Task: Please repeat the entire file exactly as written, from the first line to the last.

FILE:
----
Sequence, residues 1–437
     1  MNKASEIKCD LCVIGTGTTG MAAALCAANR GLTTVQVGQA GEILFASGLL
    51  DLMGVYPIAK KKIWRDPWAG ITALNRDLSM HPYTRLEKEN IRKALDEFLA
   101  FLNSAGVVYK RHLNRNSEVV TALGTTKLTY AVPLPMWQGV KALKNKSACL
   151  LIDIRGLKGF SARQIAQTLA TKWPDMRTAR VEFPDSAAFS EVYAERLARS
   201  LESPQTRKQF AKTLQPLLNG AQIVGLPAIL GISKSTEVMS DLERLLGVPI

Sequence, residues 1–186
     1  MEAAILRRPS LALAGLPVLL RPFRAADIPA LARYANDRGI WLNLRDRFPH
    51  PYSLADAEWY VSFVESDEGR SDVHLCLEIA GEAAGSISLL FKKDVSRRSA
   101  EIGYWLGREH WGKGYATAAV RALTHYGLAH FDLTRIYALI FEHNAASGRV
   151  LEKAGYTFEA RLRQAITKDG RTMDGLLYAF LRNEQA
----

Sequence, residues 1–437
     1  MNKASEIKCD LCVIGTGTTG MAAALCAANR GLTTVQVGQA GEILFASGLL
    51  DLMGVYPIAK KKIWRDPWAG ITALNRDLSM HPYTRLEKEN IRKALDEFLA
   101  FLNSAGVVYK RHLNRNSEVV TALGTTKLTY AVPLPMWQGV KALKNKSACL
   151  LIDIRGLKGF SARQIAQTLA TKWPDMRTAR VEFPDSAAFS EVYAERLARS
   201  LESPQTRKQF AKTLQPLLNG AQIVGLPAIL GISKSTEVMS DLERLLGVPI

Sequence, residues 1–186
     1  MEAAILRRPS LALAGLPVLL RPFRAADIPA LARYANDRGI WLNLRDRFPH
    51  PYSLADAEWY VSFVESDEGR SDVHLCLEIA GEAAGSISLL FKKDVSRRSA
   101  EIGYWLGREH WGKGYATAAV RALTHYGLAH FDLTRIYALI FEHNAASGRV
   151  LEKAGYTFEA RLRQAITKDG RTMDGLLYAF LRNEQA